After 25 years of training reining horses and earning $1.7 million showing reiners, Dell Hendricks made a big change. After winning almost everything there is to win the reining world, his client base started to shift and he wasn’t as well mounted as he had been in the early years. Now Hendricks’ barn is almost exclusively reined cow horses and has been for the past 5 years.
Hendricks is going to catch-ride reiners at the National Reining Breeder’s Classic in Katy, TX the end of April.
Hendricks never worked for anyone in the cow horse world, in his reining career he started out working for Bob Loomis.
“It sounds like it would be a very easy conversion [from reining to cow horse] but it was not. It was very hard, I had to work extremely hard. I had been around cattle all my life but I had never done any of the cutting.”
“[Cow horse] feels more like a team sport than anything I’ve ever done with a horse.”
The cow horse started out as a hobby but now he is very serious about it. In the future, he hopes to win the Snaffle Bit Futurity and World’s Greatest Horsemen.
What’s your most memorable moment in the sport?
“Making the Open Snaffle Bit Finals this last year. Of course all my friends in the reining world can’t figure out why I can’t mark higher in the reining. I’ve tried to explain to them that I’m not riding riesling horses. They think differently than a reining horse. It’s a completely different event. The mare at the Snaffle Bit was an ok reiner but that was her weakest event…Being part of that finals was probably my most memorable moment so far.”
What is your training philosophy?
“What I try to do on a daily basis is make their job as easy as possible. Let them make a mistake and correct their mistakes and when they are right, leave them alone.”
Do you have preferences when you’re picking cows?
“The ones that will let me work them. There’s only one way to figure that out. I’ve had a lot of guys help me. That’s been the most fun on this journey just how many guys have offered to help me. It’s like a war and we go into battle together. We’re trying to compete against each other but it’s more like we’re fighting against the cows. It’s been a blast. Chris Dawson rode with me years ago and got help from me with the reined work and now he’s helped me quite a bit picking cows.”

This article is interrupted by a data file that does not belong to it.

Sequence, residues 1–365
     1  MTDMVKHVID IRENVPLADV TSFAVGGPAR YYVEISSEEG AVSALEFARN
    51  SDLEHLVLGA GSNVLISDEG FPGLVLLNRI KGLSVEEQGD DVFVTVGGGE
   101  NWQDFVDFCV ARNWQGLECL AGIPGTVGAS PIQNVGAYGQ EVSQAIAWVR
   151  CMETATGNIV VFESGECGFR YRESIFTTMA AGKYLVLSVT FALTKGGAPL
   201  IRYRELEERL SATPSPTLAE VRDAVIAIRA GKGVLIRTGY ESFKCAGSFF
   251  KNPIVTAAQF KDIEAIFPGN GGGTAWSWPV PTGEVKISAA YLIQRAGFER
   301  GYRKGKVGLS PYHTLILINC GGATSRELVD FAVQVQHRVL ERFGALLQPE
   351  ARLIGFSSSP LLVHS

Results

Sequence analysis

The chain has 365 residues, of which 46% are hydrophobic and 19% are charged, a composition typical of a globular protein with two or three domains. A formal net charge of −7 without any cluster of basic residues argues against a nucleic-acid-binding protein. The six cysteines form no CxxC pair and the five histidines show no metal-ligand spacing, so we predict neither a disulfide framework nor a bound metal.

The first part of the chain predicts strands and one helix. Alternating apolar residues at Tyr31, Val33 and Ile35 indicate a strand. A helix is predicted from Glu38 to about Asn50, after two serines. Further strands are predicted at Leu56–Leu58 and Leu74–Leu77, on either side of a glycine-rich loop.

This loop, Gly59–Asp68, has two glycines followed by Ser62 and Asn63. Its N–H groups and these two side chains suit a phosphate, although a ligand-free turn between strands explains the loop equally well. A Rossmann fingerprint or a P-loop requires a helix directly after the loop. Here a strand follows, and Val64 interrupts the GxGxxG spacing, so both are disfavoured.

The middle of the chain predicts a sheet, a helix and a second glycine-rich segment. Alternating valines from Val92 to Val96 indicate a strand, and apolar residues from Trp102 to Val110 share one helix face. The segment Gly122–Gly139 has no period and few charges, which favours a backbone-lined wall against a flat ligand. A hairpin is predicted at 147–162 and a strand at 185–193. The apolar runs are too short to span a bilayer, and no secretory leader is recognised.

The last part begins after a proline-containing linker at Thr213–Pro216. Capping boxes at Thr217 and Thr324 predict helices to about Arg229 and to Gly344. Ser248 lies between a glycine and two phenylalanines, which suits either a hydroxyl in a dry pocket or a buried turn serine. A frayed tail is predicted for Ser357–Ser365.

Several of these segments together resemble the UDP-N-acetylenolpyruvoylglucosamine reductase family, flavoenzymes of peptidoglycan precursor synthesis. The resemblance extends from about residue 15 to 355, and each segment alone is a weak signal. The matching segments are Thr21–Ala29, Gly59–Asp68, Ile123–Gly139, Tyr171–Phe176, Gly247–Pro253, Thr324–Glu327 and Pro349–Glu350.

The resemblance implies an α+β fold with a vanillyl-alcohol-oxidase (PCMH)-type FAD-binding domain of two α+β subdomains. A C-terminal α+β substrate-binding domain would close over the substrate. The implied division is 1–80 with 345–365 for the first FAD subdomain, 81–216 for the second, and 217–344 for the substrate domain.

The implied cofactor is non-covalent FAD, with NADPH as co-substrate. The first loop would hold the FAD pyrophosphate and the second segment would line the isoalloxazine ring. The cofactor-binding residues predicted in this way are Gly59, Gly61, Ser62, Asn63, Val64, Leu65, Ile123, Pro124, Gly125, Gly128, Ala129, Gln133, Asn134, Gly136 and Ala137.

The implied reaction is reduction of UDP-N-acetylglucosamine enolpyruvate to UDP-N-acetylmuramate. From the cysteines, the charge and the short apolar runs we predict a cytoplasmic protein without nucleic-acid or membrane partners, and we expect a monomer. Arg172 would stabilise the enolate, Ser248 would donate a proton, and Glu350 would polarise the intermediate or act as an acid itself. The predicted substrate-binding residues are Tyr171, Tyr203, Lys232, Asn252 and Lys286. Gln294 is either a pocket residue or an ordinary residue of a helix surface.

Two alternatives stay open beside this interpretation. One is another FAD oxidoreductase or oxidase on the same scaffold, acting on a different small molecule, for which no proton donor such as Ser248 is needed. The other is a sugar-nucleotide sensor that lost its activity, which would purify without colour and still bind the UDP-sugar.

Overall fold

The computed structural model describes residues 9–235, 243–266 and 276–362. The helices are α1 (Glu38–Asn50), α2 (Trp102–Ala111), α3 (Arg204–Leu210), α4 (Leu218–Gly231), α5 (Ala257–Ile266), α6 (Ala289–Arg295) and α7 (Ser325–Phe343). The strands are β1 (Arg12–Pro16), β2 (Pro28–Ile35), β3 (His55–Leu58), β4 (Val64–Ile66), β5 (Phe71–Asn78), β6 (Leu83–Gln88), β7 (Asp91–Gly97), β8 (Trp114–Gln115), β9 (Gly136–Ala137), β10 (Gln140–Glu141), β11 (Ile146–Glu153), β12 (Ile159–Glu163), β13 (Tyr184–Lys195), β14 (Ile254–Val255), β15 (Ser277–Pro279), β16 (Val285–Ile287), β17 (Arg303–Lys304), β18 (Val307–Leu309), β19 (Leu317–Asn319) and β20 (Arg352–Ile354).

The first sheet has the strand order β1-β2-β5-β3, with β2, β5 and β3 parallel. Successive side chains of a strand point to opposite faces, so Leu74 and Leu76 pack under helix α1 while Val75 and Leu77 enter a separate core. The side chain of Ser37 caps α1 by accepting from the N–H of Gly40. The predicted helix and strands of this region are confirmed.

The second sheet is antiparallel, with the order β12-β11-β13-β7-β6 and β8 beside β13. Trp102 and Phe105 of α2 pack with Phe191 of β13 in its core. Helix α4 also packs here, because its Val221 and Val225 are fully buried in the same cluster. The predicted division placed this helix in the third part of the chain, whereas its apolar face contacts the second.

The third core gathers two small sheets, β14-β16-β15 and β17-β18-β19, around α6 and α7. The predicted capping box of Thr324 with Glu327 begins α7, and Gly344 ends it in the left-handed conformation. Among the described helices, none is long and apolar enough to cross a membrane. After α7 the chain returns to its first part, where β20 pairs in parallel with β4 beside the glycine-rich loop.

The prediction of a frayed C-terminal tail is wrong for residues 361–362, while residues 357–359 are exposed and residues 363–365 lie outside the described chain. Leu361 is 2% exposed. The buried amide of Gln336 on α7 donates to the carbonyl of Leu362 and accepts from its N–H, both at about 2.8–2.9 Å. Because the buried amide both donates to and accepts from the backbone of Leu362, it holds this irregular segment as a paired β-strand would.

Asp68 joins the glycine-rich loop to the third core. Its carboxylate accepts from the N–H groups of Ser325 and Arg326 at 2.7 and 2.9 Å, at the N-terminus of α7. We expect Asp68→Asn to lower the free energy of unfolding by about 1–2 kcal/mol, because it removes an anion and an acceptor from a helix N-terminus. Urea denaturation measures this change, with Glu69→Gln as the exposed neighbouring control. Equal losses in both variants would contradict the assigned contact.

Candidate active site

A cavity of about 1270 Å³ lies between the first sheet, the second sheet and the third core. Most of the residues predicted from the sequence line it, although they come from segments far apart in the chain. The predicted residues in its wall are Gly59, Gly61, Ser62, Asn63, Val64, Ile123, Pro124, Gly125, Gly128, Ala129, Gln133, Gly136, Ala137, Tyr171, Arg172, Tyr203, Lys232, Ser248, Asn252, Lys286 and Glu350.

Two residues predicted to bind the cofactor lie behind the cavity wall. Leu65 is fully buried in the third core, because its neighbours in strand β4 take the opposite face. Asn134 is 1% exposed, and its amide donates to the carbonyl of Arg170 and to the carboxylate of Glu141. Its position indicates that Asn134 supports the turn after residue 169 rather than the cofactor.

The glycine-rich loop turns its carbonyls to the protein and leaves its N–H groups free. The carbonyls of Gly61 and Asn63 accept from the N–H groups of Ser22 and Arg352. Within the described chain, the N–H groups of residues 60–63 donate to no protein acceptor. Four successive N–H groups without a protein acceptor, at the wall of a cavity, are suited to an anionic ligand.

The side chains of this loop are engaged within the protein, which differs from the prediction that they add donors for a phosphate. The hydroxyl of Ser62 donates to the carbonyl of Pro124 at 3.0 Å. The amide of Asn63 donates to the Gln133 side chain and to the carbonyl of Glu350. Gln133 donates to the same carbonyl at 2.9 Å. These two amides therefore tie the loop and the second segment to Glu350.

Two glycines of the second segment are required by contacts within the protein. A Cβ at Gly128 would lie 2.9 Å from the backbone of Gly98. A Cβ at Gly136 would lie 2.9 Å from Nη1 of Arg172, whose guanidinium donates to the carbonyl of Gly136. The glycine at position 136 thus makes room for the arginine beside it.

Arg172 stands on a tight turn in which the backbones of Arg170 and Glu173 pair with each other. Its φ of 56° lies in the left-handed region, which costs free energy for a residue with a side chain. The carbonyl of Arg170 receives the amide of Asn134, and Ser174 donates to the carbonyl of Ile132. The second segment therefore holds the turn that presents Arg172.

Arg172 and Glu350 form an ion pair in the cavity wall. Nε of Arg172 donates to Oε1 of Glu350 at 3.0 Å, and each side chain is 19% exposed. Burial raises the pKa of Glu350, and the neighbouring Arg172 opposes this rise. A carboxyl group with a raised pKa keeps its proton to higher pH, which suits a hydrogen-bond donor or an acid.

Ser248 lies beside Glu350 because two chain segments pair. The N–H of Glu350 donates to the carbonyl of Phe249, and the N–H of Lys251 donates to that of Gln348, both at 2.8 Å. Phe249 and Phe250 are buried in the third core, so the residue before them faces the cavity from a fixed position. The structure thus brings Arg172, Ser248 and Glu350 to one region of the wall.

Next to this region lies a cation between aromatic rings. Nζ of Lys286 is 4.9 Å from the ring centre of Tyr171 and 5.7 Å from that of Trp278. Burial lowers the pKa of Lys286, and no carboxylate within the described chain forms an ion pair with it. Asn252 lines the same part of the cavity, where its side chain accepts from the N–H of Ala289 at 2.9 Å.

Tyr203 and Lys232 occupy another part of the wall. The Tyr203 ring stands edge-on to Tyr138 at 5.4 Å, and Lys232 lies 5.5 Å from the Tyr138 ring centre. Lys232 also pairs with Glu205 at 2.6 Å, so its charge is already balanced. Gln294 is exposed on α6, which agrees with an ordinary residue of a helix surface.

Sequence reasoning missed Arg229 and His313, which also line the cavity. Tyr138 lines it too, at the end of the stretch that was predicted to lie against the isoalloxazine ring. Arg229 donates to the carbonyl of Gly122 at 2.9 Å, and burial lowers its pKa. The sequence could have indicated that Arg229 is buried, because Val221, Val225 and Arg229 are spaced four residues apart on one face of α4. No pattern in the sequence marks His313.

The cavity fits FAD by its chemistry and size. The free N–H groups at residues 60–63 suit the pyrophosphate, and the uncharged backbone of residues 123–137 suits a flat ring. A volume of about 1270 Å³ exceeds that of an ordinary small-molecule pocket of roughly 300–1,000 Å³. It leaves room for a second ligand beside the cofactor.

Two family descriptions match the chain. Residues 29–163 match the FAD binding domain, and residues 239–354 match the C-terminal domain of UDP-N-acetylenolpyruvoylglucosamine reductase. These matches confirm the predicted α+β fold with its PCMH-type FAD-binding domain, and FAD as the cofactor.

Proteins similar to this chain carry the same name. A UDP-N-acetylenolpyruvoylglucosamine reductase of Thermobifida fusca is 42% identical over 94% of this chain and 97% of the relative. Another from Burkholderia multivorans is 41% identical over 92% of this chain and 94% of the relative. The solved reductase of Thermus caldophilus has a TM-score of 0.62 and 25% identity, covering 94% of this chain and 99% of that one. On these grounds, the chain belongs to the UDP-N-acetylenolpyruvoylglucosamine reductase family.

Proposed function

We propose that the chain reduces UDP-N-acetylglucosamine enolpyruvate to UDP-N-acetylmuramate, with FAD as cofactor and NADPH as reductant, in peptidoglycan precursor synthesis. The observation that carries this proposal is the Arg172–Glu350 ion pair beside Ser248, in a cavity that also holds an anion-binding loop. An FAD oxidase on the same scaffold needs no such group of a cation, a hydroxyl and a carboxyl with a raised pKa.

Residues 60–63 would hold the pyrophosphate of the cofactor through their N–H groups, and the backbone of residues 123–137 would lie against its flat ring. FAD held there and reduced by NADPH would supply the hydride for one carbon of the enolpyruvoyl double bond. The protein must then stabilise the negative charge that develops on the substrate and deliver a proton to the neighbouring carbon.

What is the biggest adjustment or improvement you’ve made in your program the past year?
“The biggest thing I’ve been working on and tried to change is to let the cow tell them when to do the maneuvers. Coming from the reining world where the horse does not have a thought on their own unless I tell them to do it. That has been a huge adjustment for me to let the cow takeover telling them when to stop and turn. I’ve made a conscious effort in the last year to let the cow tell the horse when to do it.”
What inspires to work this hard every day?
“I tell everyone It’s a little bit like playing golf. You only have to hit that ball down the fairway once and for the next 10 years you may never get down the fairway but it feels like you have to keep striving to get there. The cow horse is like that. If you ever get one good stop and turn with the cow, that’s what I want. Everyday I’m out there trying to get one more and make it better. That drive to be a team with the horse. And letting that horse do their job.”
How would you describe feel? And can you teach it?
“The feel to communicate with your horse to get them to do anything. It’s that tie together. I think you can teach it to a certain extent. But most people learn it on their own by making mistakes. We all feel things wrong so often that when we can finally get that feel right we learn from that. You can explain it to someone, but until they feel it, they don’t understand.”